Grief becomes a scar on the part of our soul that survives. In a lot of cases, we will probably never completely get over the loss of this person. But there might be elements of good news in that loss. It’s like having a broken leg that never heals correctly—it still hurts when the weather gets cold, but you learn to dance with the limp.
In January, when most people are setting intentions and beginning a new year with hope and anticipation, it was getting ready to say a forever goodbye to my father. Yes, I had experienced the death of others before. Yes, I had mourned and grieved for the loss of life. No, I could never have imagined what it would be like to lose my father, a person who was half the reason I am in this world.
The loss is something that no matter how hard you try to be ready for it, there is no way to prepare for it. There is no way to tell the overall effect this loss will have on the entirety of your life. Watching someone who you shared so much life with leave creates a vast space. Watching someone who took up space in your heart leave creates an extreme ache in your heart.
I grew very close to my father in the last years of his life. Watching sickness take over someone’s body is not easy. He had his mind up until the end; it was his lungs and other parts that grew too weak. I spent a lot of time in those years listening to him. He would tell me about his latest adventures or all of the information he had been reading about in books. The days when he would say to me about his younger years living the hippie life in California or camping in the Sierra Foothills were my favorite. He had a way of telling stories that would just carry you away, so you were right there in the memory with him.
Now that he is gone, I find there is a certain kind of emptiness in places that used to be so vibrant. There is an emptiness in the time when I would regularly see him. A void when looking at the plants he cared for. Emptiness in the books on the shelves that he spent time reading. An emptiness in all of the things happening in my life that I wish I could tell and share with him. It would be impossible to say that things are still the same. I have learned that life does go on after the death of a loved one and that living through their death changes you.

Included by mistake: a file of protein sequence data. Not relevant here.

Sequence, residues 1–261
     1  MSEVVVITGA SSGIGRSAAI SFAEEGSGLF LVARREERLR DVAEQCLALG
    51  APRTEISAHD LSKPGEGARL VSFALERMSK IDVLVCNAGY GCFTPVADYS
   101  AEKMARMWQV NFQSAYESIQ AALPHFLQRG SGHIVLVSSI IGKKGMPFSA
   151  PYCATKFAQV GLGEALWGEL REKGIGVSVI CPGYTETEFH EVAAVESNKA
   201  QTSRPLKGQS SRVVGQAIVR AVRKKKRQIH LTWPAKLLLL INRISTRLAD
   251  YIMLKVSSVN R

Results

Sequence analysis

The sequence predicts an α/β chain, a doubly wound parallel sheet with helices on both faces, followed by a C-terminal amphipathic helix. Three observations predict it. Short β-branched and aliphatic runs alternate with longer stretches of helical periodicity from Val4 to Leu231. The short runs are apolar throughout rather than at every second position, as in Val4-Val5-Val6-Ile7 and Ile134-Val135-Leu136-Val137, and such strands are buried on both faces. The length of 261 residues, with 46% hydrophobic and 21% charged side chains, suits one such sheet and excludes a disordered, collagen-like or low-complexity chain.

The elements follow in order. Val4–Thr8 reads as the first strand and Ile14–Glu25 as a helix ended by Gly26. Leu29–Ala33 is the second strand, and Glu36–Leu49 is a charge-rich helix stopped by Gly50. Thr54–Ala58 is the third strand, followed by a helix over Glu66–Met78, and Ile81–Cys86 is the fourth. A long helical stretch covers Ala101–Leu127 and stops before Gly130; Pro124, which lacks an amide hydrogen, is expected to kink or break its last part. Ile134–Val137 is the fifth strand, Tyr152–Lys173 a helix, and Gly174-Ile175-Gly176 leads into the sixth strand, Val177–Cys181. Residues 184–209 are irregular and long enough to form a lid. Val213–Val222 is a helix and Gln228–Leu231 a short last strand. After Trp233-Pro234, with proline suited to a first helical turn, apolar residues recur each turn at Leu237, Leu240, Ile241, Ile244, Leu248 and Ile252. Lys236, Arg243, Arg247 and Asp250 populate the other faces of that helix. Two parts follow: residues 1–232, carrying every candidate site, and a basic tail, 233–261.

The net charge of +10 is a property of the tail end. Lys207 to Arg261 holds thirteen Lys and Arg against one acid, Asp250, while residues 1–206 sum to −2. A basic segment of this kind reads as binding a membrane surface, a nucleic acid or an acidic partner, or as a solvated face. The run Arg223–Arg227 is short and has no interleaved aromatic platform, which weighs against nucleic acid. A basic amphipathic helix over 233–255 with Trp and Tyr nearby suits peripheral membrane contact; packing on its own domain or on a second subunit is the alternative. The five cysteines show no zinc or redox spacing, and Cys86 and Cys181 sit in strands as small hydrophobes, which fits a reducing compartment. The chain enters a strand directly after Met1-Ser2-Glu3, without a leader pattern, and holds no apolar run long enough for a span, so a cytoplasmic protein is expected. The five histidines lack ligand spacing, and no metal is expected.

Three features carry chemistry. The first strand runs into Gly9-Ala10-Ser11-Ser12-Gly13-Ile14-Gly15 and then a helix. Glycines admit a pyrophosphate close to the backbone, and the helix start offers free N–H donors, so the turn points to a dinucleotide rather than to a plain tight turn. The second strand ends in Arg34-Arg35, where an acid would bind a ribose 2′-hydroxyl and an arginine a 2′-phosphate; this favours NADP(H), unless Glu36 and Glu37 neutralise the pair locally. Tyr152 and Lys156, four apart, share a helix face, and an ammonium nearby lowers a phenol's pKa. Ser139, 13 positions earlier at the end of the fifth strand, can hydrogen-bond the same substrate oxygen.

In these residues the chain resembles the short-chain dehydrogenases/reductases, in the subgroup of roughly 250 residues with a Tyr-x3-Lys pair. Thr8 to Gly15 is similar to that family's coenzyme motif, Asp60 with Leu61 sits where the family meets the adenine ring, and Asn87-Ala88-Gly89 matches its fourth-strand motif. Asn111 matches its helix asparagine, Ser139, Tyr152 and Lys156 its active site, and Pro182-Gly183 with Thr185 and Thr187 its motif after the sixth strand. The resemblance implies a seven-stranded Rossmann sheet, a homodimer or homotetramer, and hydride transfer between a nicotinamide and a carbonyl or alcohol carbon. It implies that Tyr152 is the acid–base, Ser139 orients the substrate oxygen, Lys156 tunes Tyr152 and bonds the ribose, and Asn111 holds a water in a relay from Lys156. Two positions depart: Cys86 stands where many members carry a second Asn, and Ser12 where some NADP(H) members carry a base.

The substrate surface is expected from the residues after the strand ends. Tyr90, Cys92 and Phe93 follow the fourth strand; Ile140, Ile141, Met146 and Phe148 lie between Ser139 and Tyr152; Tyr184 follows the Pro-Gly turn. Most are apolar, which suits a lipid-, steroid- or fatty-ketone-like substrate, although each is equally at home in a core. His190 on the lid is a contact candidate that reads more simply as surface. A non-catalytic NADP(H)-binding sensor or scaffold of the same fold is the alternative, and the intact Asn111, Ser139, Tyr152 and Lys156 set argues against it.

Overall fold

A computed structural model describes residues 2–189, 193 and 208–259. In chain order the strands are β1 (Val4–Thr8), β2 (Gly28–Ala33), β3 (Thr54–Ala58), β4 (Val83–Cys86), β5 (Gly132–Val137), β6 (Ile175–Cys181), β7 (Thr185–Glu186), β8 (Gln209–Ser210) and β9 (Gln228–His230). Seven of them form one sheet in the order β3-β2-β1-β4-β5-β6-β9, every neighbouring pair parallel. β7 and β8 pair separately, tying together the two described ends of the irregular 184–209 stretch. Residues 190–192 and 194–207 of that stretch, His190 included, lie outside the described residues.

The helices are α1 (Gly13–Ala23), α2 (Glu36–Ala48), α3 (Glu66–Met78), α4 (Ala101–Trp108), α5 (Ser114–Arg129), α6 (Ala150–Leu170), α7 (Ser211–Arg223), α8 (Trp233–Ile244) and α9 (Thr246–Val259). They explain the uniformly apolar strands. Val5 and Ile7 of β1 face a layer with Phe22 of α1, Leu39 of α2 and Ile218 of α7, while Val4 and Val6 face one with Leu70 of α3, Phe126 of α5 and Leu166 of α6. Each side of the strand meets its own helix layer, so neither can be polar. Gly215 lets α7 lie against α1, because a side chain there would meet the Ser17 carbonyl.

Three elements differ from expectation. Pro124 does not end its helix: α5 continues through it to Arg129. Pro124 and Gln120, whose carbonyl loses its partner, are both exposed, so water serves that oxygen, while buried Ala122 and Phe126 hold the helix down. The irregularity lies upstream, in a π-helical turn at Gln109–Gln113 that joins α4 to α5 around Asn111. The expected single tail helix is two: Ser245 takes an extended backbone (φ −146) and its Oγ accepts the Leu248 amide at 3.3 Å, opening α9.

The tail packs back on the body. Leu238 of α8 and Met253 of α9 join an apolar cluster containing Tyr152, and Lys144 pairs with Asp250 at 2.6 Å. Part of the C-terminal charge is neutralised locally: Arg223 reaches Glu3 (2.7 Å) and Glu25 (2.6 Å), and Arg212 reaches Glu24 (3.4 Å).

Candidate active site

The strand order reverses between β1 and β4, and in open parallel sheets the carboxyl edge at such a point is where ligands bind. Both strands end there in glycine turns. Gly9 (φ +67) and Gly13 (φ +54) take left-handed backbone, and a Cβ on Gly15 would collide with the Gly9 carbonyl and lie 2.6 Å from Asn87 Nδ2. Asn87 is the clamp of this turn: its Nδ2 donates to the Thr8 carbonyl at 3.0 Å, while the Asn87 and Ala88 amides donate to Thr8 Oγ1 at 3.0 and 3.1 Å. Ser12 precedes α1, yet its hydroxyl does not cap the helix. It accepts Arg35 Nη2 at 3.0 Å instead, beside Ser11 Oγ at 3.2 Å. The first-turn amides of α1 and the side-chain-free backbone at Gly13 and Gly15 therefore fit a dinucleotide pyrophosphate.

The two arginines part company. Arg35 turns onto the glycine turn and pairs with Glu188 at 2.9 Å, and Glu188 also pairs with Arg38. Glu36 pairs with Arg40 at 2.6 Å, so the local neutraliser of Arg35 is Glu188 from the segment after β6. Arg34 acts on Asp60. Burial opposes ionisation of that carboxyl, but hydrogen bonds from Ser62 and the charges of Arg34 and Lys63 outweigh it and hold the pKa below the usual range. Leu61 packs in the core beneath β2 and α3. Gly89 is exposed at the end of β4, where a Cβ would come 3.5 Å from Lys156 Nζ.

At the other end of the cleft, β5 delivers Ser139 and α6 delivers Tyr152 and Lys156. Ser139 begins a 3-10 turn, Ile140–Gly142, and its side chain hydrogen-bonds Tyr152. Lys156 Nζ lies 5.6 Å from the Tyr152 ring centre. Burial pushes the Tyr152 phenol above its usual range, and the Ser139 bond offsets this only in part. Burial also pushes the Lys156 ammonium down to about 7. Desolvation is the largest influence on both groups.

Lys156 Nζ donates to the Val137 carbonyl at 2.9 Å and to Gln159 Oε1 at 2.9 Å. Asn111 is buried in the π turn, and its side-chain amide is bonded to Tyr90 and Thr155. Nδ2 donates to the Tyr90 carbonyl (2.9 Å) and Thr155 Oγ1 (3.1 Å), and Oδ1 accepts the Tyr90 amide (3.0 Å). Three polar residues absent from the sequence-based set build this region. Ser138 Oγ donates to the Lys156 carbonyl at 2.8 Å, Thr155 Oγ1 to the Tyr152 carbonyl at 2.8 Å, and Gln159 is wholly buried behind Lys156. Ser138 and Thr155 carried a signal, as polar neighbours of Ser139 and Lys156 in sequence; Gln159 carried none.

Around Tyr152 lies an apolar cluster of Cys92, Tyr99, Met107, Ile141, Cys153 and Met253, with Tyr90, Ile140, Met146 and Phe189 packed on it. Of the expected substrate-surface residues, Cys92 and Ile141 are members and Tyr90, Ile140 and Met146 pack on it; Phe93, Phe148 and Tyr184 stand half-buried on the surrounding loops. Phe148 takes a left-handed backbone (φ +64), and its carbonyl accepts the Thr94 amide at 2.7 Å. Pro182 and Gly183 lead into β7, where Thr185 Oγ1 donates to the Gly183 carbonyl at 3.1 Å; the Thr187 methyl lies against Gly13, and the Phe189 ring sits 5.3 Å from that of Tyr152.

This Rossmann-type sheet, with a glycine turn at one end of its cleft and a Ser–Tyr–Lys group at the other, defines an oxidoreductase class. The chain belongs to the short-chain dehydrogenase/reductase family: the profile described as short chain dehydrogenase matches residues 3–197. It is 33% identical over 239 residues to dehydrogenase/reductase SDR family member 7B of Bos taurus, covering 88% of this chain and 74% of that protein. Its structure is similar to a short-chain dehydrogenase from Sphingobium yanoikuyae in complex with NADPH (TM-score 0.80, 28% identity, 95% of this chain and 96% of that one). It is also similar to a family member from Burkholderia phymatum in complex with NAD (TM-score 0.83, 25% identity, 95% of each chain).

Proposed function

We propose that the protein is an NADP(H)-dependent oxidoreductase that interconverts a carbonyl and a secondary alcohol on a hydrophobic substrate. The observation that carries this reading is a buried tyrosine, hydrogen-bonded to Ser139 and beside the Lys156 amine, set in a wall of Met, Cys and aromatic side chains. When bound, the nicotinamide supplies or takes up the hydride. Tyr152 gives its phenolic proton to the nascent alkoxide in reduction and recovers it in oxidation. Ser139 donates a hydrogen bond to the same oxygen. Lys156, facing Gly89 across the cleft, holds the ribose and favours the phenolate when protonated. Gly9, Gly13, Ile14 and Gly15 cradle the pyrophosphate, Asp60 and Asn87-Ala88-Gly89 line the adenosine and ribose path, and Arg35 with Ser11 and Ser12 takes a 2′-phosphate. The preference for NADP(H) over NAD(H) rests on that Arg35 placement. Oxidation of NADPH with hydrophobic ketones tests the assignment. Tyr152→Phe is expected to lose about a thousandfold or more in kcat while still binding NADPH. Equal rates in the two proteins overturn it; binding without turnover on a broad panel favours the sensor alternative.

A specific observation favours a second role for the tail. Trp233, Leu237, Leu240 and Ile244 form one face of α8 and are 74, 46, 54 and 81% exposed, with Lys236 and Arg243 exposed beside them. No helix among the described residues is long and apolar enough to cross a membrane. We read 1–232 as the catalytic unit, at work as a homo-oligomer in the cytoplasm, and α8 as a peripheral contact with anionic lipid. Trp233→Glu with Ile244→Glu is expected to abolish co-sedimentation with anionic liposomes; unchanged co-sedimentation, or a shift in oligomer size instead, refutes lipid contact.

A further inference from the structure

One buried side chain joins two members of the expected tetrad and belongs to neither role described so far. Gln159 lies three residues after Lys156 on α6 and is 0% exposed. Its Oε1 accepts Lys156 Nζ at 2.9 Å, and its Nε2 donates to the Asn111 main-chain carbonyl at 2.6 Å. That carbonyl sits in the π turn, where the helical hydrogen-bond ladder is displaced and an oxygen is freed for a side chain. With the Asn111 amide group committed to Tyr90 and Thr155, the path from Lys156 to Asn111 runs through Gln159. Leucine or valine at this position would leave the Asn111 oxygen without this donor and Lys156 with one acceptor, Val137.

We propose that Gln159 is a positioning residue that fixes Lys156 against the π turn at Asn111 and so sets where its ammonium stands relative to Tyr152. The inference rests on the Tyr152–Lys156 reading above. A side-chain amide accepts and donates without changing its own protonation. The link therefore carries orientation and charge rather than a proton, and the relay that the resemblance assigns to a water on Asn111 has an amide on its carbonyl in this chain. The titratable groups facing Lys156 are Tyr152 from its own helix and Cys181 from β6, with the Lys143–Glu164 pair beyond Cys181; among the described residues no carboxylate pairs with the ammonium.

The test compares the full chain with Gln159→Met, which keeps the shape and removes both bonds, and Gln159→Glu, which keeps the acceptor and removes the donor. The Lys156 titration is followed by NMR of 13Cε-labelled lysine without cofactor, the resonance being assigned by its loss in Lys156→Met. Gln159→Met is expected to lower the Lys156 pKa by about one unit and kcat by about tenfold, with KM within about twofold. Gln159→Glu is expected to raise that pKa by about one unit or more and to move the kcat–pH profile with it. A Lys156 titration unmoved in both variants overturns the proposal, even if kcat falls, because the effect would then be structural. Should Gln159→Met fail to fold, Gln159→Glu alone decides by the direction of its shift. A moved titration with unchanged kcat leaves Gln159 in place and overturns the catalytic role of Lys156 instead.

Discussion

It’s hard to believe that I’ve been living in this world without my father since January. It’s hard to think that he has missed so much of my life. When something I want to tell him about happens or if there is something I want his advice on, there is an ache knowing he is not there to listen and hear my words. Even exciting things feel a little gray not being able to share them with him.
I have learned the lesson that life does go on. I did wake up the next morning to move and navigate through a world without him. The heavy weight of grief exists, and on some days it makes it hard to walk through the daily flow. I am still out there in the world being the best person I can be. Life is moving forward but is so different in many ways. Experiencing death like this has changed me.
Experiencing such grief and loss changed how I look at life and has transformed me as a person. Experiencing these deep emotions has given me a much clearer perspective on how I view life and where I want to focus my time. This has taught me what is important. Before my energy was scattered across many jobs and interests, but this has brought light to what I want and need. I want to commit myself to the things that make my heart feel most alive.
My dad simply was what he was, and I am grateful for the pieces of him that I carry with me. Things that were important to him now beat stronger in my heart. I now look longer at the sky with more curiosity. I listen to the birds and absorb their colors with my eyes and their songs with my ears. I walk through the trees with new meaning. Places, things, interests to him are now sanctuary to me.
I know I will never go back to the person I was before. Watching him leave this world was showing me the significance of living life with purpose. I have learned that this will all end. I have learned and changed to love fiercely and to focus that love on what’s important.
I have cried almost every single day since January. I have been riding the waves of grief to the fullest. There is nothing to prepare you for loss and grief is a process. I merely go on day by day and move through this world in a new way.